President Yoweri Museveni, who has ruled Uganda for 25 years, has won the country's presidential election with 68% of the vote.
Mr Museveni's rival, Kizza Besigye, who won 26%, is refusing to accept the results, saying the election was rigged.
The governing party has been accused of using state resources to bribe voters.
Mr Besigye earlier threatened to call street protests if he felt the process was not free and fair. Mr Museveni, for his part, has vowed to stop any street protests.
Even before the final result was announced, Mr Besigye said it was "very clear there were widespread malpractices in the electoral process".
The BBC reports that Mr Museveni's victory comes as no great surprise. He was helped by a divided opposition, and the advantage of incumbency are great.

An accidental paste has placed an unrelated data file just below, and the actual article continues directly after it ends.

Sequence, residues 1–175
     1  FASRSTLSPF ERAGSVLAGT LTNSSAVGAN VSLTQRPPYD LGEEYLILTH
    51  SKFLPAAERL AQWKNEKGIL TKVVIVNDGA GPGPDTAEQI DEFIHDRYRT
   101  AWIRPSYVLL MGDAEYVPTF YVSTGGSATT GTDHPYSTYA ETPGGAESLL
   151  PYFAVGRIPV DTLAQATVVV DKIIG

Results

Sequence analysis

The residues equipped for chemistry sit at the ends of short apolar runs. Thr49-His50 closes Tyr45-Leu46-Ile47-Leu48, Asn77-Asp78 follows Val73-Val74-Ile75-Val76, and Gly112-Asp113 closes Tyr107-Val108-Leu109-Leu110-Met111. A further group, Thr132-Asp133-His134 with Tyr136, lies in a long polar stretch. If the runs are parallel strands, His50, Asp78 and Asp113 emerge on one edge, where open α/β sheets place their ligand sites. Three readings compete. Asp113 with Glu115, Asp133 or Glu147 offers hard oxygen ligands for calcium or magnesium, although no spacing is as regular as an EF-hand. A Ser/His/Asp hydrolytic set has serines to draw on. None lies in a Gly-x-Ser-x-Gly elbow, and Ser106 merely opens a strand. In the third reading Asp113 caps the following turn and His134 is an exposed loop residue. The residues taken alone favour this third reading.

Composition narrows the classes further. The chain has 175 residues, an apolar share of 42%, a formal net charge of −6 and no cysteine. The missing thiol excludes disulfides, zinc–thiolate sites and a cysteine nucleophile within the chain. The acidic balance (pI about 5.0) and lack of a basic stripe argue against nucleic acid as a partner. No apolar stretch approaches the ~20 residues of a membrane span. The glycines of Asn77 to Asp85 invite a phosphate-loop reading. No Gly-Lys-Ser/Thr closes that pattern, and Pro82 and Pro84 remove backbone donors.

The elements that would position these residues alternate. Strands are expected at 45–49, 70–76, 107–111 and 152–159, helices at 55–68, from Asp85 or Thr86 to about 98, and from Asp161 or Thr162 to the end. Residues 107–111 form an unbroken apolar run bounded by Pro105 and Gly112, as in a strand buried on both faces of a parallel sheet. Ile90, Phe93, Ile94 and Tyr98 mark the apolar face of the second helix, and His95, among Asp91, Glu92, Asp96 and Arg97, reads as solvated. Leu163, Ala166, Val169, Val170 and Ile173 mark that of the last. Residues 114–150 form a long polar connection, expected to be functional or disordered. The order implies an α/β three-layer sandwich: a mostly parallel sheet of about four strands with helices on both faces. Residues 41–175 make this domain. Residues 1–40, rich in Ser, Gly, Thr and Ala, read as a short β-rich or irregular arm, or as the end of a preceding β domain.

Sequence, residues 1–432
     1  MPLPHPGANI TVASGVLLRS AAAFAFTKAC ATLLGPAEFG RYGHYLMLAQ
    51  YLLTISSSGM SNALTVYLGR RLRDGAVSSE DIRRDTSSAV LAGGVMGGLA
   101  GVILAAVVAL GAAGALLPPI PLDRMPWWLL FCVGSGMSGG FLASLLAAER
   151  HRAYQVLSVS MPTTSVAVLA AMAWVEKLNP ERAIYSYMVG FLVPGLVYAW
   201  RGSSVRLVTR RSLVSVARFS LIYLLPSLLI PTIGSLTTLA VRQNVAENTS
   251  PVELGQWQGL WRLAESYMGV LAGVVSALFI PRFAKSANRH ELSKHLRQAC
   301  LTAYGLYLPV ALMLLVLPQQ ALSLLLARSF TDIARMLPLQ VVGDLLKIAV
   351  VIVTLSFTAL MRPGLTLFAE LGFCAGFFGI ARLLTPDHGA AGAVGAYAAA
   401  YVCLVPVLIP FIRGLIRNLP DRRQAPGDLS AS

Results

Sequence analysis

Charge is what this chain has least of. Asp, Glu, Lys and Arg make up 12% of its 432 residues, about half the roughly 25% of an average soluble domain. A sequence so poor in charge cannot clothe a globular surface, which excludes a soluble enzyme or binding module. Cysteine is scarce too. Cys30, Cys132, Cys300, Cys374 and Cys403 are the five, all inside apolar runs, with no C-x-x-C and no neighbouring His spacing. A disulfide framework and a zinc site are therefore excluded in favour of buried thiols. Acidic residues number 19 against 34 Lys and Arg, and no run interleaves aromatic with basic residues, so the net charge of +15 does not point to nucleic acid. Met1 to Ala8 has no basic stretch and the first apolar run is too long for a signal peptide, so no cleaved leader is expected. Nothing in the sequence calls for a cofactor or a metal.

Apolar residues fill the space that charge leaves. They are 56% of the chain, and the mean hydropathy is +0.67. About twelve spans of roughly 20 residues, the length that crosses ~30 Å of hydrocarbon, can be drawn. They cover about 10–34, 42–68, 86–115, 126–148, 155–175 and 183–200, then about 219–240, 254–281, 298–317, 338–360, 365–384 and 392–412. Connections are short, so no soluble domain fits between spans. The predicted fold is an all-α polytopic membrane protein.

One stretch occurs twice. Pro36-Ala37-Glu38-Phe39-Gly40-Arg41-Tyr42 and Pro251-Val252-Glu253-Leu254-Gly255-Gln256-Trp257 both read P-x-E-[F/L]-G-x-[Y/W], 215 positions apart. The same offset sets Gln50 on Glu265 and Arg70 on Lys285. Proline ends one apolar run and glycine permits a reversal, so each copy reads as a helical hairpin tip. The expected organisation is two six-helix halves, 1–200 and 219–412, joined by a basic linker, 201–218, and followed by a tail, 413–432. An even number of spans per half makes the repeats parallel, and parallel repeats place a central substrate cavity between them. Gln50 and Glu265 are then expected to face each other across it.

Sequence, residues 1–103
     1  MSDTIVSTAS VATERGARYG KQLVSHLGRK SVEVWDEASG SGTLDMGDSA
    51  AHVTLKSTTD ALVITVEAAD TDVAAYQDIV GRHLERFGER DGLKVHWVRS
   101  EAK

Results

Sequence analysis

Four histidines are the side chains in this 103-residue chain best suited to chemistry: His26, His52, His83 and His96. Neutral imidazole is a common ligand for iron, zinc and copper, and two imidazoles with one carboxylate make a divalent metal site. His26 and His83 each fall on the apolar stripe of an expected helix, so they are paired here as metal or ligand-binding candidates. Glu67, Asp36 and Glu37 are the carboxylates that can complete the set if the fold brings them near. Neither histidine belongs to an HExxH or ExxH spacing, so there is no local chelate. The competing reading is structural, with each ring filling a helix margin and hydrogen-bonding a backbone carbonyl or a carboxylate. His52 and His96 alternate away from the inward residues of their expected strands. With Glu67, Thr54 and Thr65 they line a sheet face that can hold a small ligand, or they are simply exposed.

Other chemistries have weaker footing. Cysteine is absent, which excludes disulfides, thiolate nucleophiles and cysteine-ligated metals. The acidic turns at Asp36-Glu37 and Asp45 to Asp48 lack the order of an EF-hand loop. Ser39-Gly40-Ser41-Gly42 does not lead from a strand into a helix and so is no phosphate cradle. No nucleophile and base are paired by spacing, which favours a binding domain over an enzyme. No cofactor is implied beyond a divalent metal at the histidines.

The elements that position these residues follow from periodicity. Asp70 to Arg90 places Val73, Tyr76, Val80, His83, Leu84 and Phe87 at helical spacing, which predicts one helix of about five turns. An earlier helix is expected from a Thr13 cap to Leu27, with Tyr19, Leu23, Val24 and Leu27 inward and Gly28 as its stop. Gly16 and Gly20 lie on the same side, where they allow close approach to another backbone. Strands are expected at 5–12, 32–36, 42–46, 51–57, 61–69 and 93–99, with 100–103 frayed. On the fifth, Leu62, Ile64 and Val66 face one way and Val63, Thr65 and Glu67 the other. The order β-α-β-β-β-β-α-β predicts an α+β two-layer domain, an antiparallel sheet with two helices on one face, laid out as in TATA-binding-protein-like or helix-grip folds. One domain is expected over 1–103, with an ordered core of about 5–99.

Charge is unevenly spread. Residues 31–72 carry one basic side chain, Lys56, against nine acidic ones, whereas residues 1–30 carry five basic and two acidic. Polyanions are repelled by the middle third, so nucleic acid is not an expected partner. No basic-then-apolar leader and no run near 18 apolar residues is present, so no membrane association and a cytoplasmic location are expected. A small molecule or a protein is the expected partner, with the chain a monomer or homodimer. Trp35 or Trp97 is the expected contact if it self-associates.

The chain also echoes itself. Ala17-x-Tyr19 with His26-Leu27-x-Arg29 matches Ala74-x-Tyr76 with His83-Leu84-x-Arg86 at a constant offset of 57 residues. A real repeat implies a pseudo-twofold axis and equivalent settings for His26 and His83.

The governing party spent such a huge amount of money on the campaign trail that some analysts say the Ugandan economy is bound to take a significant hit.
Pair used to be allies
Mr Besigye was standing against Mr Museveni for the third time. The pair were allies in the guerrilla war that brought the latter to power in 1986 but later fell out.
Mr Museveni has defeated his challengers every five years since 1996, though his support was steadily declining before this election.
He got about 75% of the vote in 1996 but only 59% in 2006.
The European Union's chief election observer, Edward Sciclunam says he's generally happy with what he witnessed.
"We are glad to observe that no significant violence has taken place and the process is done in a peaceful manner," he says.